(2) The authors compared the attitudes of juveniles to young adults by comparing the attitudes of junior high and high school students to the attitudes of college students. Again, this seems like a possible source of bias: my sense is that as you go up the educational ladder, you begin to see a smaller cross-section of persons of a given age. Lots of people don't go to college, and it seems plausible that the subset of persons who go to college are likely to be more mature than others. To the extent that the paper finds that high school students are less mature than college students, we might wonder whether this is a characteristic of people who go to college rather than a characteristic of their age.

  (3) The authors conclude that "[i]ndividuals differ considerably in the timing of the development of psychological maturity, making it difficult to define a chronological boundary between immaturity and maturity." (p758) At the same time, they find that "some time during late adolescence" most people have a jump in their level of psychosocial maturity. For the purpose of the study, the authors define psychosocial maturity as a combination of three factors: a person's sense of personal responsibility for their actions, the degree to which a person recognizes both short and long-term consequences of their actions, and a person's ability to exercise restraint and self-control over their actions.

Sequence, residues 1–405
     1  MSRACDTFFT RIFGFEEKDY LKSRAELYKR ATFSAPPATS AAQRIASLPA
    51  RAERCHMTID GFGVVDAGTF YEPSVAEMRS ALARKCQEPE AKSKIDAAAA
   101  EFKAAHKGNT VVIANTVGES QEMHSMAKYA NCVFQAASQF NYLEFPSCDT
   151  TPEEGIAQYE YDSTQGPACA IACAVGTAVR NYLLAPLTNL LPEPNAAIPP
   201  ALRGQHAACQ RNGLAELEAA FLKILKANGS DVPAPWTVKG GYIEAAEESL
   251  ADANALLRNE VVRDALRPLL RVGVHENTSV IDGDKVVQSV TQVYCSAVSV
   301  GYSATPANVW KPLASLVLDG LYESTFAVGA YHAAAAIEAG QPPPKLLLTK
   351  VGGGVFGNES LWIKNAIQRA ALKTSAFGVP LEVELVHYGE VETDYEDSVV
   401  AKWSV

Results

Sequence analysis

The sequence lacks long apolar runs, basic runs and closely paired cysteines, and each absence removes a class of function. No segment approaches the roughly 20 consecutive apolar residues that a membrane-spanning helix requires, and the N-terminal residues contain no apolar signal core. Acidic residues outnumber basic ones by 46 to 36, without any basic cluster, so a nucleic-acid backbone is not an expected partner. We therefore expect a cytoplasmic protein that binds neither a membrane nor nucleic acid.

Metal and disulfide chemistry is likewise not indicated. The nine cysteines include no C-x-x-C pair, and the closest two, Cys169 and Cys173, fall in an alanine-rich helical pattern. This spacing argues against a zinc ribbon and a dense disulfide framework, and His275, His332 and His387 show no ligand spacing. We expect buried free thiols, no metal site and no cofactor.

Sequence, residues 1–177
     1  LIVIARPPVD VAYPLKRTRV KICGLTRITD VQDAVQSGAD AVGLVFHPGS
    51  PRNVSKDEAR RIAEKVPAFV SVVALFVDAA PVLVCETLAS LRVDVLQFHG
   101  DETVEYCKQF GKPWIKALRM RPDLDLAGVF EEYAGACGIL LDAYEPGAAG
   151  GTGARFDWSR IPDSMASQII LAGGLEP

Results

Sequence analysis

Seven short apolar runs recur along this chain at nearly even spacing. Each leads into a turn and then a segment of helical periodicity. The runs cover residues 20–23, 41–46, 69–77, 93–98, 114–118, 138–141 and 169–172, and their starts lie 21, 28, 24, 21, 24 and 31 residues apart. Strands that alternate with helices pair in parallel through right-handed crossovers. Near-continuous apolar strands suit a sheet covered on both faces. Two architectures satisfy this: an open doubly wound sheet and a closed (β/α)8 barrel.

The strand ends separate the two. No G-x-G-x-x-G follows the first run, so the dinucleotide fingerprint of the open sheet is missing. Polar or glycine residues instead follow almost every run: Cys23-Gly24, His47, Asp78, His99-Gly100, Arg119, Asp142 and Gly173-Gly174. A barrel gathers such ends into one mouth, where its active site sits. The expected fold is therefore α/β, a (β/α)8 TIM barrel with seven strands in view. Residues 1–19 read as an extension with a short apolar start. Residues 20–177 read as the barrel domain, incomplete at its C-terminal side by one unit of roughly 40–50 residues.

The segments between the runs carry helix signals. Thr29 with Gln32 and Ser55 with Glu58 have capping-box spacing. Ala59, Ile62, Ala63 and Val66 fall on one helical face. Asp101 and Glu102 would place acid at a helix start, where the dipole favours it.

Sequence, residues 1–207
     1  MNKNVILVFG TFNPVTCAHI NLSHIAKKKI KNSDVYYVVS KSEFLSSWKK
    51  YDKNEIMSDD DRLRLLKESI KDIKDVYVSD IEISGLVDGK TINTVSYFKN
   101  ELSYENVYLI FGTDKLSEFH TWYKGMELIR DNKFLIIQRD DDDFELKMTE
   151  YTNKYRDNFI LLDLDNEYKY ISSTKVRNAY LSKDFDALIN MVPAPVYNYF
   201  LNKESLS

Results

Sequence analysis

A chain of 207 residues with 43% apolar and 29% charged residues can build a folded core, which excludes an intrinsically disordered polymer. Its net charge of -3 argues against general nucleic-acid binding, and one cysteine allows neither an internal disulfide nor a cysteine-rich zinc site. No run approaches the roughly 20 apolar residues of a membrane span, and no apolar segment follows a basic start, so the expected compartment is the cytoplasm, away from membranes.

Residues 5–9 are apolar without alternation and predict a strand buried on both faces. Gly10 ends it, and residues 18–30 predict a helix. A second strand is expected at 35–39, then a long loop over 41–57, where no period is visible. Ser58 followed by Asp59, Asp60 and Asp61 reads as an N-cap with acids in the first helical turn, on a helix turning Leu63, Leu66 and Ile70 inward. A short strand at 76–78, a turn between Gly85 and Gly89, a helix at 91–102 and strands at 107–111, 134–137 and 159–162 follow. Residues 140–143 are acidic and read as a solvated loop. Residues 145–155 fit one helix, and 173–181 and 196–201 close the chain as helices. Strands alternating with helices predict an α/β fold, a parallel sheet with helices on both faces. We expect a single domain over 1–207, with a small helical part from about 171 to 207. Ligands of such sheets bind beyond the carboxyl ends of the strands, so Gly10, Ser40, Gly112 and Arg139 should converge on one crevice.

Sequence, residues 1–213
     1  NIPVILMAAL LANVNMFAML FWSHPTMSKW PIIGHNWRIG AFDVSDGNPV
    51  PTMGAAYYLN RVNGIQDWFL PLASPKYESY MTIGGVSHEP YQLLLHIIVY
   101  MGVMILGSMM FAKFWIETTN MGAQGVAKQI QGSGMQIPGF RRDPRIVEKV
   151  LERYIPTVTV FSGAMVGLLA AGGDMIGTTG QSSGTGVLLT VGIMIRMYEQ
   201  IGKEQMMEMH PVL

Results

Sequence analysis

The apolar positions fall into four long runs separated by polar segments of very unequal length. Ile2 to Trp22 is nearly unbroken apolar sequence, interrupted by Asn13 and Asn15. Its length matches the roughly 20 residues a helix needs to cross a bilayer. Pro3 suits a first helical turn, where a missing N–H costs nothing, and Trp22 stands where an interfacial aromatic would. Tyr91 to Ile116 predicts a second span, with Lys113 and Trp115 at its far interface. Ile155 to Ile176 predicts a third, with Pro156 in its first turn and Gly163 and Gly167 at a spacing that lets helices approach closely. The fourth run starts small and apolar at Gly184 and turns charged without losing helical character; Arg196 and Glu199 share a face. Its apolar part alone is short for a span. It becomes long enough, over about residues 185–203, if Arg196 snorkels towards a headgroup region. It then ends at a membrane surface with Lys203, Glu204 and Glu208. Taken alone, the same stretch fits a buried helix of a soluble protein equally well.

UPDATE: After reading over the conclusions of the study one more time, I think I was a bit inaccurate in saying that the study finds a "jump" in maturity in late adolescence. Rather, the study finds that the psychosocial maturity of most people reaches a plateau after late adolescence, and that there is "important progress" in the development of psychosocial maturity during the period of late adolescence.
The Rapid Decline of Free Speech in Canada:

Quebec's Human Rights Commission has ordered a man to pay a $1,000 fine because he referred to another man as a "fifi," the French equivalent of "fag." Worse yet, the comment wasn't made to the complainant (which would at least raise red flags about an implicit threat or true harassment of the individual), but to his "traveling companion." According to the CBC, the "Rights Commission ruled that the term was an inappropriate way of referring to homosexuals and adds to the disgrace and lack of respect of human dignity people are entitled to."